May 2014 - Some truths are impossible to face
In May, the World Health Organization reported the first cases and deaths of Ebola in Sierra Leone – 7 confirmed cases were reported in Kailahun district.
I called my Uncle from the eastern border town of Koindu. ‘“There is no such thing as Ebola,” he said convincingly. “What is it then?” I asked. “A plane carrying witches at night crashed and those on board perished. That’s why they are bleeding as they take their last breaths.”
To him, a witchcraft explanation was the most logical one.
When rebellion started from this same border town of Koindu in 1991, people in Freetown, the capital city, denied that a war existed. Once again, no-one wanted to face a terrible reality – Ebola. Maybe some truths are just impossible to face.
June 2014 - My relative must be treated as a suspect
I called my close relatives in Bo, located in the southern region, to inform them that no-one, not even relatives, should be allowed into the house. My aunt called me the following day and told me that her son had arrived. “He said nothing, he just came back with his luggage and occupied his room,” she told me.
“He should not be allowed into your home in case he has Ebola,” I told her sternly.
My aunt was silent, before saying loudly, “But he is my son”.
I told my aunt she must treat him as a suspect. “Don’t let anyone enter his room and watch him carefully. If he starts to show symptoms of the disease, call 117 immediately. Do you understand?”
She agreed. After hanging up, I was annoyed with myself for my lack of empathy. But you don’t kick out Ebola with weak feet.
Twenty one days later, the incubation period was over. I called my aunt for a final check.
“He is doing fine,” she said. “The only problem here is that the neighbour next door died yesterday of Ebola, and their home is now under quarantine.”
I felt as if the ground was collapsing beneath me. The neighbour’s house is just a stone’s throw away from her own. All the neighbour’s kids come at night to my aunt’s house to watch television.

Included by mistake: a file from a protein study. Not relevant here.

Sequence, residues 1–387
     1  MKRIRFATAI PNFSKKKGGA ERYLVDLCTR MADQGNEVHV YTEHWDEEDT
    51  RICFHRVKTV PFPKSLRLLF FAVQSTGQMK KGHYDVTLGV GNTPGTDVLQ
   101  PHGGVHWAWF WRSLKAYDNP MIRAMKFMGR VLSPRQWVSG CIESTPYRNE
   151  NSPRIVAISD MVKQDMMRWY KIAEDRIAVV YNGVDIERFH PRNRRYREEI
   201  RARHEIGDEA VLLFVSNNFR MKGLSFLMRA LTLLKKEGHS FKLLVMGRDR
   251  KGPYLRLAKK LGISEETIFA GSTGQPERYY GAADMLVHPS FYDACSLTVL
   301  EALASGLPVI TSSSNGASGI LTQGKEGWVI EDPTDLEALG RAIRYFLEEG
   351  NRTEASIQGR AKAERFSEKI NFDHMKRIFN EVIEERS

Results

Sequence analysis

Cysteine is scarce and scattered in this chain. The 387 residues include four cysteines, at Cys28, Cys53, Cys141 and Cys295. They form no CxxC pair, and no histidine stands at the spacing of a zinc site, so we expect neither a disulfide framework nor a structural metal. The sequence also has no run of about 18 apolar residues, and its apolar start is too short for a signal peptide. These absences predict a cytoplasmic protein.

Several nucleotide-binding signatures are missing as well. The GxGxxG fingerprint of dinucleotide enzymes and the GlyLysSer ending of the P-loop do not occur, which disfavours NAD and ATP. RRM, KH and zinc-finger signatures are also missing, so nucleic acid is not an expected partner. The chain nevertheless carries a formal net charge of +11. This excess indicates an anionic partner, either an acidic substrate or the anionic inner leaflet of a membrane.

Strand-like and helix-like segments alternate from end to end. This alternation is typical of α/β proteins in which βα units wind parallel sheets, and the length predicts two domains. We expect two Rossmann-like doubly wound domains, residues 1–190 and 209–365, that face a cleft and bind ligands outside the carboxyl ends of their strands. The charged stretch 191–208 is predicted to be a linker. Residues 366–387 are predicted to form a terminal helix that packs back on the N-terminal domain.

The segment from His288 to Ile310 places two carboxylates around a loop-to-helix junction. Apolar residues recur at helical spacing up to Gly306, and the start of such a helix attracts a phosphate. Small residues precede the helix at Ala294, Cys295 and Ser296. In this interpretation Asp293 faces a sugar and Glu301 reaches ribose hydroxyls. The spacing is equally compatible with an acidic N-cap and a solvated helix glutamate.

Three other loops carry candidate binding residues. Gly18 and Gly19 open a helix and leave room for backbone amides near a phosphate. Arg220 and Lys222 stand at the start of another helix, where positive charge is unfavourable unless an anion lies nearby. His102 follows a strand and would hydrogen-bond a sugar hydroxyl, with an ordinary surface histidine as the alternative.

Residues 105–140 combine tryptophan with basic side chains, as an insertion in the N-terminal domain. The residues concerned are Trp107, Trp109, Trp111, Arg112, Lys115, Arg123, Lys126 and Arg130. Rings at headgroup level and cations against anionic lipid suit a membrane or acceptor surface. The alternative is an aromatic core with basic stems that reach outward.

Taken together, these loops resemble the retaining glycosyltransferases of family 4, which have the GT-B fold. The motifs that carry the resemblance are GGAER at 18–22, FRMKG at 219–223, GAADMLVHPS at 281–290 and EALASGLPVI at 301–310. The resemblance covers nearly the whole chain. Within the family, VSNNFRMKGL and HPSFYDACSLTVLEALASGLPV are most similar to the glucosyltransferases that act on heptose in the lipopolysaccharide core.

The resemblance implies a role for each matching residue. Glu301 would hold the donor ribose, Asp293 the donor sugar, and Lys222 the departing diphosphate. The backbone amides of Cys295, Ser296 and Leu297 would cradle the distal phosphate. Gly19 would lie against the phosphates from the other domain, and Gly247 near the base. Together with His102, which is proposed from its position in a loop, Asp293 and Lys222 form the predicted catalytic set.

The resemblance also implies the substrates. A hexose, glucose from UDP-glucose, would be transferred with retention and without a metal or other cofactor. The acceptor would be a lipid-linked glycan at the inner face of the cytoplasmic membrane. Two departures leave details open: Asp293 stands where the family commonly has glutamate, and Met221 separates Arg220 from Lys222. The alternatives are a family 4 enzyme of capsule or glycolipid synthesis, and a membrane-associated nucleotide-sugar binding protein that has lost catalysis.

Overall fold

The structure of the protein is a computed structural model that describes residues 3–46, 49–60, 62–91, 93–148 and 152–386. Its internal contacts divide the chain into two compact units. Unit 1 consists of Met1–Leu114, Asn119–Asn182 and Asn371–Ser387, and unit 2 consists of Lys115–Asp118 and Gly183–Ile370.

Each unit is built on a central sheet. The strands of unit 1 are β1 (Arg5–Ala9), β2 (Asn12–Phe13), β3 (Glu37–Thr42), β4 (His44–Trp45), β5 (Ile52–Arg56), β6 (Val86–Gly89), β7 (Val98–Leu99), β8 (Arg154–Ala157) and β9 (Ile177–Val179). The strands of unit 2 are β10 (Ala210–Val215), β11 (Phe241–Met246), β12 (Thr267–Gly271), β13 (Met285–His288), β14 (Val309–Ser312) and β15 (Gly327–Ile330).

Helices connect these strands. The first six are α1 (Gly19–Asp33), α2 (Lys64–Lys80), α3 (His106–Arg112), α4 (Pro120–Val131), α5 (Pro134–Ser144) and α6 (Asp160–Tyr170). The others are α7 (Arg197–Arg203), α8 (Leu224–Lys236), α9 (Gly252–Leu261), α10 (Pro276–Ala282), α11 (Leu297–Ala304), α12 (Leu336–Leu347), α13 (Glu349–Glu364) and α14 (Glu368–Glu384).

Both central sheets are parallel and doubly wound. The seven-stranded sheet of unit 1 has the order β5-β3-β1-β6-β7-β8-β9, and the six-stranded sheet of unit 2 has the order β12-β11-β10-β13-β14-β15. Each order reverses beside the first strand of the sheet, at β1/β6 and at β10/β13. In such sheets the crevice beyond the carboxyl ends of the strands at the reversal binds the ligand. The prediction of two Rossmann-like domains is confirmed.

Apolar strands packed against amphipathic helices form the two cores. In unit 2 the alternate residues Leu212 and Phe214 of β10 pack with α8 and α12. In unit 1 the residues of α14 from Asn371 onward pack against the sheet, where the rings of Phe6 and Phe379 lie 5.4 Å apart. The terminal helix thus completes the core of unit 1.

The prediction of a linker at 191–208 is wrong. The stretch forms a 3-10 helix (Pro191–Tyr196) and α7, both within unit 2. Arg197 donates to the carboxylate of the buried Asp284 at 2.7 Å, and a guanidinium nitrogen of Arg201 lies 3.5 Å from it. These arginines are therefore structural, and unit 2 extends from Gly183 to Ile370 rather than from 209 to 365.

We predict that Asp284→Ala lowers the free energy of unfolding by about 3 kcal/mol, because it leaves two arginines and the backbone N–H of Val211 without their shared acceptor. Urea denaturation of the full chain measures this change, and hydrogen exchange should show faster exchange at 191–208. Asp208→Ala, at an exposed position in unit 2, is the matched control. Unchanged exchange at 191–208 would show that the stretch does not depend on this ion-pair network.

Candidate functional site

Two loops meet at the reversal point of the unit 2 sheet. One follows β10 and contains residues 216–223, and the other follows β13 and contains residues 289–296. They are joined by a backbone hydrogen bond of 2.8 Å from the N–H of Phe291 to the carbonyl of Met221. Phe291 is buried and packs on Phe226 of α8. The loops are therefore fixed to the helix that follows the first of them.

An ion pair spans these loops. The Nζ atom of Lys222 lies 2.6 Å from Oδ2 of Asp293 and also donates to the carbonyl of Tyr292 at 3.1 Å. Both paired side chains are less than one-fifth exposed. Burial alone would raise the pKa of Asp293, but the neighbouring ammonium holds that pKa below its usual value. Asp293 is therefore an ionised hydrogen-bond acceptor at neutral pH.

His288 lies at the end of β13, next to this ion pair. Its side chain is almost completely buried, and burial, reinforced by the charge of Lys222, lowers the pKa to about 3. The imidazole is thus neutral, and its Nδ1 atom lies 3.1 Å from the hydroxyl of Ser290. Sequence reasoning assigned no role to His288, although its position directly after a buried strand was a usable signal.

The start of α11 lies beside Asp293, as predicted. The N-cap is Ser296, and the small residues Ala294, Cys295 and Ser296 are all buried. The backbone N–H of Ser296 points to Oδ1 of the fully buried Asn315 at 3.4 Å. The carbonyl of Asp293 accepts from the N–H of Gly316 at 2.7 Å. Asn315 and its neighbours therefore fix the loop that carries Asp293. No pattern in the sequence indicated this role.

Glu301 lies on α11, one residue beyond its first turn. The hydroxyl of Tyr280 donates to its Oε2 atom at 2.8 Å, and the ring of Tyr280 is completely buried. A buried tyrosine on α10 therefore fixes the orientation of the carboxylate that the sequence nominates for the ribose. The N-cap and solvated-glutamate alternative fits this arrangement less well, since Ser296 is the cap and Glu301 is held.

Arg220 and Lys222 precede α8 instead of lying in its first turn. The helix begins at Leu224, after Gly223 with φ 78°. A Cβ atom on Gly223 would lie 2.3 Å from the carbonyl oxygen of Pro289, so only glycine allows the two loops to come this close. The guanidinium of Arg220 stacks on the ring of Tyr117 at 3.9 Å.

October 2014 - Tackling Ebola
Even with the reality we were facing and the ambulance sirens blaring in our villages, we still had hope that no family member would contract the disease. More cases were still being confirmed, but me and my family were doing all we could – monitoring our temperatures and keeping our spirits high.
As part of the emergency response, Plan opened its first Community Care Unit in Sierra Leone. How brave the staff are to support communities in this way in the worst of times. I have visited some of the centres and saw first-hand the efforts of health care workers to keep patients alive.
December 2014 - Signs of hope
By the end of December, confirmed Ebola cases had skyrocketed to more than 7,000 in Sierra Leone. But our hopes of beating the diseases had grown even further with increases in safe burial teams, additional Ebola Community Care Units opened and more Plan staff on the ground.
Although cases are still increasing in Sierra Leone, we take hope from areas like Kailahun, where the outbreak first started in the country, which has reported no new cases for several weeks. But the battle is far from over.
2015 - Preparing for post-Ebola?
With schools closed for months, the impact of Ebola has taken its toll on my children. They are kept inside our gated compound and my 11-year-old son keeps complaining that he can’t go out and play with his friends. I understand, but I can’t give him that space while the dreaded disease is still a risk.